Category Archives: Travel

It’s Not Just You

According to a recent study, the average American can’t spend more than four hours with family during the holidays without getting stressed.

Lack of space and privacy, noise, too much togetherness, and family drama are some of the reasons. ‘Ya think?

However, knowing this, you might want to take a short walk around the block every few hours to clear your head and give you some alone time.  Happy holidays! xx

white and blue crew neck t shirt

Photo by Atul Choudhary on Pexels.com

Good News Monday: Hello, Bison!

Now there’s more space for America’s national mammal to be at home on the range. (No, not buffalo, as the song would have it*: buffalo are indigenous to South Asia and Africa, whereas bison are found in North America and parts of Europe. 

In case you’re wondering what the difference is  (of course you were), bison sport shaggy beards and buffalo don’t.

The World Wildlife Fund reports that bison in Badlands National Park now have an additional 22,553 acres in which to roam. In 2017, over 2,500 donors to WWF and partner organizations raised nearly $750,000 to build 43 miles of a new fence that extends bison habitat in the park to 80,193 acres.

This October, the WWF released bison into the new area—the first time they’ve set hoof on this land since 1877.

photo of bison on grass field

Photo by Chait Goli on Pexels.com

*Let’s be honest,”Give me a home where the bison roam” doesn’t exactly flow.

Style: What to Avoid When Flying

window view of an airplane

Photo by Alex Powell on Pexels.com

‘Tis the season to be traveling. If your plans involve air travel — commercial, that is; you private plane people can wear whatever the hell you want — this timely advice (adapted from a post on WhoWhatWear) should come in handy. Click here for the full piece.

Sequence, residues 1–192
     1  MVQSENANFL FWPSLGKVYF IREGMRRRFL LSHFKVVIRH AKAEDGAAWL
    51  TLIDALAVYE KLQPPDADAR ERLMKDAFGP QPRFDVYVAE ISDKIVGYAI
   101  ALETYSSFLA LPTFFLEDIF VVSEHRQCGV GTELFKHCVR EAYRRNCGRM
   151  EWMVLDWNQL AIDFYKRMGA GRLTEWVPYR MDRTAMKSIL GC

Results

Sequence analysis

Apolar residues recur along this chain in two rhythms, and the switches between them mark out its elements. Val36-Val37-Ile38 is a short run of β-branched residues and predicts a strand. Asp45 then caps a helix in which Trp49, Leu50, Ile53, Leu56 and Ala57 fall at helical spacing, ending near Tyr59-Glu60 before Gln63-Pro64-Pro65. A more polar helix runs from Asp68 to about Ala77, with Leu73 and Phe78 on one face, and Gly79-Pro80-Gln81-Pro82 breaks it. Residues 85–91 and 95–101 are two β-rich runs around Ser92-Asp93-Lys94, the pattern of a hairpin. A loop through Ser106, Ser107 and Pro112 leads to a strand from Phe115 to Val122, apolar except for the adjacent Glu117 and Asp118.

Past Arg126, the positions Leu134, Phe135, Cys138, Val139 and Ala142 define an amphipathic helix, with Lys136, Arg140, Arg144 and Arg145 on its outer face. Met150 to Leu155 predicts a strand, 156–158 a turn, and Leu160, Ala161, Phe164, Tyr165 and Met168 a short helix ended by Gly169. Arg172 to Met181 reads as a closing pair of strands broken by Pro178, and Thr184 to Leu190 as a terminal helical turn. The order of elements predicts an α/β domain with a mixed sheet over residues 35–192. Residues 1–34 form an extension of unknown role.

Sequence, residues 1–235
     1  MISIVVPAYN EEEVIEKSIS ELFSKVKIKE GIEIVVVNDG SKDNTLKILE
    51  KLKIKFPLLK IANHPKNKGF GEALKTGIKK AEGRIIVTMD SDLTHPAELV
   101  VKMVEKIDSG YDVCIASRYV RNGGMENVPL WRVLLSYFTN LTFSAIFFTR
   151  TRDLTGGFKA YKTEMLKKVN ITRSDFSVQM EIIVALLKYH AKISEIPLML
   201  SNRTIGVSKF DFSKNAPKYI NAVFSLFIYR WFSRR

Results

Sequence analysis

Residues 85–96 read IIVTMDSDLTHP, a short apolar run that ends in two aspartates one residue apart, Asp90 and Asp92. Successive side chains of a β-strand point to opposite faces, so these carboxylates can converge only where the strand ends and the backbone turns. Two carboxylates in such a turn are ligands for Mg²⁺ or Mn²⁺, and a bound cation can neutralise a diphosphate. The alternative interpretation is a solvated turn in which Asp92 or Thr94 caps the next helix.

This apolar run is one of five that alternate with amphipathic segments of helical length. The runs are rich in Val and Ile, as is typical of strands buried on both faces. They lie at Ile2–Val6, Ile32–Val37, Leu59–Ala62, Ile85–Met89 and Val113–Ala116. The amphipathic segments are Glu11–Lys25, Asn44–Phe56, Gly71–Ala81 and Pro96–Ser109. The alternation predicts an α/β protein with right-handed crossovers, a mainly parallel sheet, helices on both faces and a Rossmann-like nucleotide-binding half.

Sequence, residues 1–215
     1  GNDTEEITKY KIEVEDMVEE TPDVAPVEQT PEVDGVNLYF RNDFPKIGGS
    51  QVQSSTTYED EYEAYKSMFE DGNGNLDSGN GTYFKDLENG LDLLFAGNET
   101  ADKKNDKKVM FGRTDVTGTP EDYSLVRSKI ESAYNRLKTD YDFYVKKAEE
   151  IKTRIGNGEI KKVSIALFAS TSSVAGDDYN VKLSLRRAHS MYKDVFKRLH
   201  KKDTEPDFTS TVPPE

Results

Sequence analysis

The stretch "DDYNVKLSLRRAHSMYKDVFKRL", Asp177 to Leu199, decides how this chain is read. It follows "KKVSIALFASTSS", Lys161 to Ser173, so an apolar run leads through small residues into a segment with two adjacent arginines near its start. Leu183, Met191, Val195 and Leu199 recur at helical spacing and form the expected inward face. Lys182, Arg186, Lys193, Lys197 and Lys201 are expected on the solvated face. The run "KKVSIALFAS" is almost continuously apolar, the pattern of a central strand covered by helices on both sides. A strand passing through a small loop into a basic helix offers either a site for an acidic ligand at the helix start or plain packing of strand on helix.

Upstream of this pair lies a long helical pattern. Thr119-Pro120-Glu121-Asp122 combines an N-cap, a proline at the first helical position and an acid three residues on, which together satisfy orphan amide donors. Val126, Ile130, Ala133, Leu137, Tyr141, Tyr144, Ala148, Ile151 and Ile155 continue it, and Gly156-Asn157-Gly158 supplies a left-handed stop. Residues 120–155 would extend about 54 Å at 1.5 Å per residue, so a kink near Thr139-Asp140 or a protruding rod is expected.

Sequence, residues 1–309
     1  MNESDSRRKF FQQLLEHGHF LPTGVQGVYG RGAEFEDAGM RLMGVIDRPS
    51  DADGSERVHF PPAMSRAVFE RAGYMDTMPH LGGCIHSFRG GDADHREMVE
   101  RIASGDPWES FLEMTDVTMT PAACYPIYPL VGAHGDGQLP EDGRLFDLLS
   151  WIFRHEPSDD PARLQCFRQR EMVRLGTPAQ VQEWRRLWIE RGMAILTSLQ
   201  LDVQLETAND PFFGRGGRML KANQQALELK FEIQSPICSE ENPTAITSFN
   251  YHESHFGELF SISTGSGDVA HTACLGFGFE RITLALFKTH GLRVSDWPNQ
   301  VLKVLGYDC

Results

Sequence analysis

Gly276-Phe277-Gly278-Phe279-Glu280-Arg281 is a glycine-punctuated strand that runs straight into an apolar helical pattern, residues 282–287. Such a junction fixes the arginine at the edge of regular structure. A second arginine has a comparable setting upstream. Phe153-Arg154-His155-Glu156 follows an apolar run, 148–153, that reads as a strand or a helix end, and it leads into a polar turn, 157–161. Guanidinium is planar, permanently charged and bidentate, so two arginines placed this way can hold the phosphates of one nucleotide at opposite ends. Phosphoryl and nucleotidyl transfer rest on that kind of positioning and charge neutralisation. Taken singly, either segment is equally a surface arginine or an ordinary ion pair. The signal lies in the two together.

Tight Clothes

You want to avoid cramping and swelling caused by too-tight clothing and inactivity. Problems can range from the serious (DVTs) to uncomfortable bloating. An elastic waistband is your friend, and with a nice top layer no one needs to know you’re channeling Edith Bunker.

Anything Flammable

One more reason to choose natural fabrics! And cover your arms, legs and feet in case the unforeseen happens and you have to go down the emergency slide. A long-sleeved cotton t-shirt is breathable as well as protective.

High Heels, Backless Sandals, Flipflops

They make it difficult to quickly evacuate the aircraft, and could hurt others if they go flying off.  Heels could puncture the evacuation slide and they’ll sure make it a lot harder to run to another gate if necessary.

Meanwhile, that tiny airplane bathroom is even nastier if something on the floor gets on your toes. ‘Nuff said.  Opt for closed shoes such as sneakers, low heels or flats, or boots.

Studs, buckles, zippers, belts can set off metal detectors and slow you down. The same is true for bold jewely. And it’s better not to put your valuables on the conveyor belt; just store them securely in a small case in your purse or carry on until you’ve gone through security.
Not Enough Layers

Airplane cabins can be frigid, so wearing layers makes sense.  You can always remove a sweater or cashmere shawl if you get too warm.

Pack a change of outfit in your carryon if possible, too — fresh socks, a tee and underwear at a minimum. It makes life much more pleasant if you’re stuck on the tarmac in an emergency, or your checked luggage is delayed or lost.

Safe travels,

xoxo Alisa

A Lighthouse In Winter

Although our local lighthouse is attractive in the summer, I find its stark winter beauty even more compelling. Yaquina Head, Oregon’s tallest lighthouse, rises a majestic 93 feet above the westernmost point of the basalt headland which juts one mile into the Pacific Ocean.

The lighthouse has guided ships along the west coast since August 20, 1873, when the first keeper climbed its punishing 114 steps to light the oil burning wick.